137. Matt, I don’t think it’s facile, actually, but you’re right that the results aren’t identical. At the same time, the differences certainly could point toward much less disclosure on the abortion forms. As I noted earlier, there’s absolutely no incentive to claim rape on the abortion forms, even if there was a real-world rape. That’s because the questionnaires are usually anonymous (when not anonymous, instead totally untrustworthy) and the abortion is available to the same extent regardless. So nobody loses out on an abortion because they don’t report rape. And work with other kinds of surveys — which are indeed quite comparable — show that rapes are usually substantially underreported unless special efforts are made to increase response. By contrast, the existing evidence says that the few false claims of rape are usually due to social pressure — which by construction is totally absent in these questionnaires. So they’re a lower bound; I doubt that you could find a professional survey researcher who wouldn’t agree.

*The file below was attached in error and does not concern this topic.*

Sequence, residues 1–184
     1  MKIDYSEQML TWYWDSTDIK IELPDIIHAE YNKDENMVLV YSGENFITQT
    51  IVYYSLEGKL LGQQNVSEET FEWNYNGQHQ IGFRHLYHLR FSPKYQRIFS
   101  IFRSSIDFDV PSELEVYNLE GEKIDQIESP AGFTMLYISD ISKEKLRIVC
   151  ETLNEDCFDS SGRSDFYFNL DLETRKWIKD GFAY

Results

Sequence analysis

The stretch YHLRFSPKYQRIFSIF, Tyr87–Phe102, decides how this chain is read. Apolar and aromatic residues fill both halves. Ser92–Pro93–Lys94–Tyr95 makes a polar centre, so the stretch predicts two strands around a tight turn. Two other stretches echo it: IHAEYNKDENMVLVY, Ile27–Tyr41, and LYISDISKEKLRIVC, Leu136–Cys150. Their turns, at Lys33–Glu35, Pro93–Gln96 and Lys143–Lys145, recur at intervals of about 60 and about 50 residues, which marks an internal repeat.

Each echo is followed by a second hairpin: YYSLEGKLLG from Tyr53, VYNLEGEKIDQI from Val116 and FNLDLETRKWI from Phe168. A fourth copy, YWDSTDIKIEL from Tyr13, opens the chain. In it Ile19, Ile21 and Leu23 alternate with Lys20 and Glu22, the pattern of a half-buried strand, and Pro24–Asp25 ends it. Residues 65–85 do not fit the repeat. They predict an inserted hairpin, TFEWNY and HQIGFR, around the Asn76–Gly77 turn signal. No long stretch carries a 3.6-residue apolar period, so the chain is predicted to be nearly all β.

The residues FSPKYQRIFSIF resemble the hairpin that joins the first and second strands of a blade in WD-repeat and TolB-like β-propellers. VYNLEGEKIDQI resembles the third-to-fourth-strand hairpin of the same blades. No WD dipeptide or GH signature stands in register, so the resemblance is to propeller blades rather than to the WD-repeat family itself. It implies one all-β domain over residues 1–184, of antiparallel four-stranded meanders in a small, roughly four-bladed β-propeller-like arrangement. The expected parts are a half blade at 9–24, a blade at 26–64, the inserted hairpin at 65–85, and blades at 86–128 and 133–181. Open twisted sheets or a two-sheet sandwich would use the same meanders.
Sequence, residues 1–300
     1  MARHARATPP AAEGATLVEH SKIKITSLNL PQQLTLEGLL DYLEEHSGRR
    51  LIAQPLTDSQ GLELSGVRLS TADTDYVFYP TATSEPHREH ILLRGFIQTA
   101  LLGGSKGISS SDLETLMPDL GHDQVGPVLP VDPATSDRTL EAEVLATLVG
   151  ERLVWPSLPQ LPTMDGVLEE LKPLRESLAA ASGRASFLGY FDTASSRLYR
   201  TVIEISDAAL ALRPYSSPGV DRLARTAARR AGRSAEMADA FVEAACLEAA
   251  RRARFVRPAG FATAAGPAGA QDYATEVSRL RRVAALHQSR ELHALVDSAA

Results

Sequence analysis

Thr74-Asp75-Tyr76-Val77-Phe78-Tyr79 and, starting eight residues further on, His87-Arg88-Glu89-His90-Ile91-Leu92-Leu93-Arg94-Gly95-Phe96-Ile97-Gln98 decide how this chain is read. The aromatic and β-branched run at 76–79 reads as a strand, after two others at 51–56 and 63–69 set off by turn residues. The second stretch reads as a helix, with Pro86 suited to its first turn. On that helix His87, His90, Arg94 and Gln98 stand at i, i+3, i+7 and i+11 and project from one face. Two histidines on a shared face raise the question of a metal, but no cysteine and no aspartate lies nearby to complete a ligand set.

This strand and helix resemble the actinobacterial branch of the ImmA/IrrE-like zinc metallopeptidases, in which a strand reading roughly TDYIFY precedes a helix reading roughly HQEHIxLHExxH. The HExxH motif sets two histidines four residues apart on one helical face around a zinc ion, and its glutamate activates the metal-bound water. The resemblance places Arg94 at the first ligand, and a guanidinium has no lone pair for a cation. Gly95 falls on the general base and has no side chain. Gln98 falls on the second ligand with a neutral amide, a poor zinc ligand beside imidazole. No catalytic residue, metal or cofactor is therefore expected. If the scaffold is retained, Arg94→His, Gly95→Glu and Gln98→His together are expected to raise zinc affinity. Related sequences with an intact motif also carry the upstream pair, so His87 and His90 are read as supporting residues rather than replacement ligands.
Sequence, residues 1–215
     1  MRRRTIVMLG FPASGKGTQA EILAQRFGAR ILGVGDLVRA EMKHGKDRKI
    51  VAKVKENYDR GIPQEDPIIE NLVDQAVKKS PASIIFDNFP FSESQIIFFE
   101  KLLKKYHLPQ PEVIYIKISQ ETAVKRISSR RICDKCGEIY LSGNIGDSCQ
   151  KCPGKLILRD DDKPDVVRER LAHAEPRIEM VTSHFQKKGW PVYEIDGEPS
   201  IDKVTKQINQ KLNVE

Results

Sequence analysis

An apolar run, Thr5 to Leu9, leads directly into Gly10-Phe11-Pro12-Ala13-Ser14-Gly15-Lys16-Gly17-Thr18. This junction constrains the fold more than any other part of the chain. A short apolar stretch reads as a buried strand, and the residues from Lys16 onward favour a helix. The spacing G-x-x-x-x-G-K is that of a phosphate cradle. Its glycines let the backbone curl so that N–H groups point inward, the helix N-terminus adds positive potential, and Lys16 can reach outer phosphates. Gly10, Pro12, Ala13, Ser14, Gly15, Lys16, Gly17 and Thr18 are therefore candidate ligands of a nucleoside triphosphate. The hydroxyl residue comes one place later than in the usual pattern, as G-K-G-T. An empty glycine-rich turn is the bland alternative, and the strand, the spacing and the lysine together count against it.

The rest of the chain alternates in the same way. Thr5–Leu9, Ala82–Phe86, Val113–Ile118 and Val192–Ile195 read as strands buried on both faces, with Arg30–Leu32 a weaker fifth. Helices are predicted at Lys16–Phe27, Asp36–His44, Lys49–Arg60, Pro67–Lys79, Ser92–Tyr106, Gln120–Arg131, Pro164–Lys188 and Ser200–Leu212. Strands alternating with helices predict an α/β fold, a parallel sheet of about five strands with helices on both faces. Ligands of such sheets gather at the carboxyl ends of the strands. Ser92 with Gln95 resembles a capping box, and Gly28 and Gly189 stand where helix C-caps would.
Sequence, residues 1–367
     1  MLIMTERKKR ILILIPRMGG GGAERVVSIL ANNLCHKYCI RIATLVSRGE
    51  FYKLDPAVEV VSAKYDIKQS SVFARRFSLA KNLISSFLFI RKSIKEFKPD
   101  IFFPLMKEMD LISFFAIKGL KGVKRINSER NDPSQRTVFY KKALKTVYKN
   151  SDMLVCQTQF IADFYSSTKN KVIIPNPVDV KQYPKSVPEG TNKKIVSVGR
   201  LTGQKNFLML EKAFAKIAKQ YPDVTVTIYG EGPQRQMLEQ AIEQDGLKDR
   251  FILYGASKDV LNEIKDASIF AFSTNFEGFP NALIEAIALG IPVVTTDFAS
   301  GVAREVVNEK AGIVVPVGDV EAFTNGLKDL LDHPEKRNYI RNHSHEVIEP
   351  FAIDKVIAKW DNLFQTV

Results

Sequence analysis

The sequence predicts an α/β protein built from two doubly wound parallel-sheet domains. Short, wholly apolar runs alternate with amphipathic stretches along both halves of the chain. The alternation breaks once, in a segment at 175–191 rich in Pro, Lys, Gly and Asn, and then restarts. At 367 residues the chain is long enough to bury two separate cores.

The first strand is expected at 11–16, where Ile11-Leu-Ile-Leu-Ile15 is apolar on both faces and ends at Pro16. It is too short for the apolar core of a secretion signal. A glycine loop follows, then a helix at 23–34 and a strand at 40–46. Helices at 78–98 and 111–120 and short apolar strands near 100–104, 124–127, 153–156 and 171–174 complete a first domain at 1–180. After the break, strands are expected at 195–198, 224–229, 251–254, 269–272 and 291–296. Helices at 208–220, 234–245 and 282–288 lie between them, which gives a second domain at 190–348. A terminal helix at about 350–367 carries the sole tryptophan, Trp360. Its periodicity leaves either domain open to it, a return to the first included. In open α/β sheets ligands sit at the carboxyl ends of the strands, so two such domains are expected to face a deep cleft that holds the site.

This may or may not make a difference. If our stance on abortion law revolves around those percentages, then these measurement issues are crucial for us. By contrast, those — like you, I might imagine — who choose policy positions for other reasons really shouldn’t care about this issue in any case. If it’s material, then we need to think carefully about improved measurement technique; there are emerging ideas about how to better measure sensitive issues in surveys, although they haven’t yet been applied to the surveys that generate abortion data.